Today Russia, Tomorrow the World
It cannot be proved that the wildfires now devastating western Russia are evidence of global warming. Once-in-a-century extreme weather events happen, on average, once a century. But the Russian response is precisely what you would expect when global warming really starts to bite: Moscow has just banned all grain exports for the rest of this year.
At least 20 percent of Russia's wheat crop has already been destroyed by the drought, the extreme heat -- circa 40 degrees C (104F) for several weeks now -- and the wildfires. The export ban is needed, explained Prime Minister Vladimir Putin, because "we shouldn't allow domestic prices in Russia to rise, we need to preserve our cattle and build up supplies for next year." If anybody starves, it won't be Russians.
That's a reasonable position for a Russian leader to take, but it does mean that some people will starve elsewhere. Russia is the world's fourth-largest grain exporter, and anticipated shortages in the international grain market had already driven the price of wheat up by more than 80 percent since early June. When Putin announced the export ban, it immediately jumped by another 8 percent.
This means that food prices will also rise, but that is a minor nuisance for most consumers in the developed countries, since they spend only about 10 percent of their income on food. In poor countries, where people spend up to half their income on food, the higher prices will mean that the poorest of the poor cannot afford to feed their children properly.
As a result, some will die -- probably a hundred or a thousand times as many as the thirty-odd Russians who have been killed by the flames and the smoke. But they will die quietly, one by one, in under-reported parts of the world, so nobody will notice. Not this time. But when food exports are severely reduced or banned by several major producers at once and the international grain market freezes up, everybody will notice.
Two problems are going to converge and merge in the next ten or fifteen years, with dramatic results. One is the fact that global grain production, which kept up with population growth from the 1950s to the 1990s, is no longer doing so. It may even have flat-lined in the past decade, although large annual variations make that uncertain. Whereas the world's population is still growing.
The world grain reserve, which was 150 days of eating for everybody on the planet ten years ago, has fallen to little more than a third of that. (The "world grain reserve" is not a mountain of grain somewhere, but the sum of all the grain from previous harvests that is still stored in various places just before the next big Northern Hemisphere harvest comes in.)
We now have a smaller grain reserve globally than a prudent civilisation in Mesopotamia or Egypt would have aimed for 3,000 years ago. Demand is growing not just because there are more people, but because there are more people rich enough to put more meat into their diet. So things are very tight even before climate change hits hard.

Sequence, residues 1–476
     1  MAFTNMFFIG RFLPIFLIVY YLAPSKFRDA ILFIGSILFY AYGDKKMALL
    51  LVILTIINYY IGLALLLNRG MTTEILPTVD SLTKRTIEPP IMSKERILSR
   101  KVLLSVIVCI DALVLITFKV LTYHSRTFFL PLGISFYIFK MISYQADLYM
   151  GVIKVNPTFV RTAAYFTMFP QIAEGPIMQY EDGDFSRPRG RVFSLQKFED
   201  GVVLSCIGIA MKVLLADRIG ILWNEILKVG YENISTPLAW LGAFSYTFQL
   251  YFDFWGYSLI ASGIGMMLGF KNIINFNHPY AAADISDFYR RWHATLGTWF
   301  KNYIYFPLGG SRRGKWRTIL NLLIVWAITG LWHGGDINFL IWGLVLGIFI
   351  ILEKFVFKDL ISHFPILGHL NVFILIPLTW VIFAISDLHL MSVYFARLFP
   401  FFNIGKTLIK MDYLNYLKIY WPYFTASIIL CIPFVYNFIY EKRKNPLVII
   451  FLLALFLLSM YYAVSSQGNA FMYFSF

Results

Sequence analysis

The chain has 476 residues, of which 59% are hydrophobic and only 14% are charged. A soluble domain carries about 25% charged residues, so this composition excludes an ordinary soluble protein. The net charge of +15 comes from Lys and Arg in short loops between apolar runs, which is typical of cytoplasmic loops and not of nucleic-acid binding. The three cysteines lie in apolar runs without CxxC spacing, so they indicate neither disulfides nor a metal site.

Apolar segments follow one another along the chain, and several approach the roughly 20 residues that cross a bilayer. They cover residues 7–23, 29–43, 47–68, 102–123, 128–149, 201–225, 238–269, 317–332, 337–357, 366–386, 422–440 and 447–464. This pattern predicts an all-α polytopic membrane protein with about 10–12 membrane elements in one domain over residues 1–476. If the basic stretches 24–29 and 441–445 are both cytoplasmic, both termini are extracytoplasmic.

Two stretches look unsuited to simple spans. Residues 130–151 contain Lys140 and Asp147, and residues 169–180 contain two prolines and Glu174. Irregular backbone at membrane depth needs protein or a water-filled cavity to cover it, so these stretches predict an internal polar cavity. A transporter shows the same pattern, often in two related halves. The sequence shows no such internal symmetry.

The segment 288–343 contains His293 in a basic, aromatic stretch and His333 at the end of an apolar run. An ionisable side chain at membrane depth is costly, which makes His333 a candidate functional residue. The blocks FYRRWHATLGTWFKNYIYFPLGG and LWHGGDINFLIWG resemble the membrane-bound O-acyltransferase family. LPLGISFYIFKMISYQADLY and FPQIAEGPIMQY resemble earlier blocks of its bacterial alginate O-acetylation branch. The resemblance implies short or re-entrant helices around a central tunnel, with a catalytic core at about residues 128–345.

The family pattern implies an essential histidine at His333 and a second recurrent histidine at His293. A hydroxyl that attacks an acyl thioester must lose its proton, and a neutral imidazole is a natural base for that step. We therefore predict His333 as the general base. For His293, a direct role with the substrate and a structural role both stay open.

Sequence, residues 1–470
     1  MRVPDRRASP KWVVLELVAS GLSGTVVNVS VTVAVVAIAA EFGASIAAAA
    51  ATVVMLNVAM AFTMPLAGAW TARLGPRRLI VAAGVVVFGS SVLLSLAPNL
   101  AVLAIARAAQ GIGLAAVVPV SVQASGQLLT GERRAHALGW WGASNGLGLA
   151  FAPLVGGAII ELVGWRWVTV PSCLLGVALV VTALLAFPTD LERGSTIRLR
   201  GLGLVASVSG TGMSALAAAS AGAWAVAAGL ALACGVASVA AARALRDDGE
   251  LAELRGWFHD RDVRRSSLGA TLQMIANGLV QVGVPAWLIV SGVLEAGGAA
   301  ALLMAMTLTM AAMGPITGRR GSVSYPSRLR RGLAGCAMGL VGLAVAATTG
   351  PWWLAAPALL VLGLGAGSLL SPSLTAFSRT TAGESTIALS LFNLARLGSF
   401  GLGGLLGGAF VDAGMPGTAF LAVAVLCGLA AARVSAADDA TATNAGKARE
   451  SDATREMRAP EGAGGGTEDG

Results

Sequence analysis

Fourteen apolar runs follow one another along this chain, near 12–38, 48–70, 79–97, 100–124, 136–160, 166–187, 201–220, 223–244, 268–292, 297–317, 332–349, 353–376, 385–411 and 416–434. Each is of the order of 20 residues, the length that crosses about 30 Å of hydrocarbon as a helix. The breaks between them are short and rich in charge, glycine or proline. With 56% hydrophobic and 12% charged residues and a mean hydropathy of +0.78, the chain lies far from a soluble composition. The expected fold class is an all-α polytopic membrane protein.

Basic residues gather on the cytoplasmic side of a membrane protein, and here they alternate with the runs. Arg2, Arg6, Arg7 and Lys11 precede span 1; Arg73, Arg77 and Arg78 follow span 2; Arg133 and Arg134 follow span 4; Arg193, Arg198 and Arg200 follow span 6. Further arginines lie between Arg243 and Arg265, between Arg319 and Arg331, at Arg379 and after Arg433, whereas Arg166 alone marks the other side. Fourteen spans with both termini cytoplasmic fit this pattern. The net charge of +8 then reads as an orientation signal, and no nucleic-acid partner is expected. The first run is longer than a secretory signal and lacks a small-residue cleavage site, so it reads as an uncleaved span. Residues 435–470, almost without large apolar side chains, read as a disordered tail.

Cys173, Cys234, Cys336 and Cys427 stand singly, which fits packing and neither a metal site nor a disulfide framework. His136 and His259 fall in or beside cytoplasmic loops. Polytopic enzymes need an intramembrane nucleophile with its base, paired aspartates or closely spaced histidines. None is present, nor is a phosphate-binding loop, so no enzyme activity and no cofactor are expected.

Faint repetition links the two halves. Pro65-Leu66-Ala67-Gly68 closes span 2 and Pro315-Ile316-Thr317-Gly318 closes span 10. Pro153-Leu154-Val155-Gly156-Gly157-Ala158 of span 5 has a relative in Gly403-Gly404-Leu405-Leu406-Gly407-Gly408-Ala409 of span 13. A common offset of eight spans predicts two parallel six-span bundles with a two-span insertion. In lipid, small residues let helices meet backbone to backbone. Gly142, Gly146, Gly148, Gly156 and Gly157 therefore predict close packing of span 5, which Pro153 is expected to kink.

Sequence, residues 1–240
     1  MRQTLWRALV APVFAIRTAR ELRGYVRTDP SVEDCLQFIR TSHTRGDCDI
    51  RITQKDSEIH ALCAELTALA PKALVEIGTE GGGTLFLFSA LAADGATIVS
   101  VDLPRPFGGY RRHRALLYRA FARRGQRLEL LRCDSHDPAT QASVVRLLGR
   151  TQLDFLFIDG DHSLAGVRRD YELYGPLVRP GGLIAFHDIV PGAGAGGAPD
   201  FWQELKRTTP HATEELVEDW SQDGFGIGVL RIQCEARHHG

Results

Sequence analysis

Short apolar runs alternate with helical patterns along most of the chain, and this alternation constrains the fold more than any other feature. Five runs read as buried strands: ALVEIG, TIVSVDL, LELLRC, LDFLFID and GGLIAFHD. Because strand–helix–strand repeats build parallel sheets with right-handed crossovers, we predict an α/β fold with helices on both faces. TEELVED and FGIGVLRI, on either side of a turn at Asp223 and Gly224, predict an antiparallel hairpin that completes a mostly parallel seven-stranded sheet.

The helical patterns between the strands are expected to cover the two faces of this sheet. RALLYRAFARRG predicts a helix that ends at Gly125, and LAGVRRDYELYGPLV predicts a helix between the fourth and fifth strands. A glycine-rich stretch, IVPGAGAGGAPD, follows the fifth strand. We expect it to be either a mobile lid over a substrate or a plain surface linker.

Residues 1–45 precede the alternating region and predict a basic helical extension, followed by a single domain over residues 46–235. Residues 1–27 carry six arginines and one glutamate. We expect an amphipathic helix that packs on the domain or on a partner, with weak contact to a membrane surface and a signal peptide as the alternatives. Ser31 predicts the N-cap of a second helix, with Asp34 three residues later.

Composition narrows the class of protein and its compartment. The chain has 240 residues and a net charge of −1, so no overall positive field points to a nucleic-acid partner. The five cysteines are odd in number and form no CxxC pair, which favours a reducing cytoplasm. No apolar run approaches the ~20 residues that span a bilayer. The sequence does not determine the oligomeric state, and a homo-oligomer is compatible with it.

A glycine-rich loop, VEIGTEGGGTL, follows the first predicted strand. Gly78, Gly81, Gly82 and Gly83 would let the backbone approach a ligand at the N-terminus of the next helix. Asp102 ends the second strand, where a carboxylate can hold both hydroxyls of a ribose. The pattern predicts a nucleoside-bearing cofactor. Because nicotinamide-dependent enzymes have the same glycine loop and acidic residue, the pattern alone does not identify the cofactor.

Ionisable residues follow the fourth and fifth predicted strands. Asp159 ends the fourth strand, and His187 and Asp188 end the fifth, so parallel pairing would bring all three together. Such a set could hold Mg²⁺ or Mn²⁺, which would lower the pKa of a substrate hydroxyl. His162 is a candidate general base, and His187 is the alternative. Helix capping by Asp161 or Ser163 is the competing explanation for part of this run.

The second problem is, of course, global warming. The rule of thumb is that with every one-degree C rise (1.8 degrees F) in average global temperature, we lose 10 percent of global food production. In some places, the crops will be damaged by drought; in others by much hotter temperatures. Or, as in Russia's case today, by both.
So food production will be heading down as demand continues to increase, and something has to give. What will probably happen is that the amount of internationally traded grain will dwindle as countries ban exports and keep their supplies for themselves. That will mean that a country can no longer buy its way out of trouble when it has a local crop failure: there will not be enough exported grain for sale.
This is the vision of the future that has the soldiers and security experts worried: a world where access to enough food becomes a big political and strategic issue even for developed countries that do not have big surpluses at home. It would be a very ugly world indeed, teeming with climate refugees and failed states and interstate conflicts over water (which is just food at one remove).
What is happening in Russia now, and its impacts elsewhere, give us an early glimpse of what that world will be like. And although nobody can say for certain that the current disaster there is due to climate change, it certainly could be.
Late last year, Britain's Hadley Centre for Climate Change produced a world map showing how different countries will be affected by the rise in average global temperature over the next fifty years. The European countries that the Hadley map predicts will be among the hardest hit -- Greece, Spain and Russia -- are precisely the ones have suffered most from extreme heat, runaway forest fires and wildfires in the past few years.
The main impact of global warming on human beings will be on the food supply, and eating is a non-negotiable activity. Today Russia, tomorrow the world.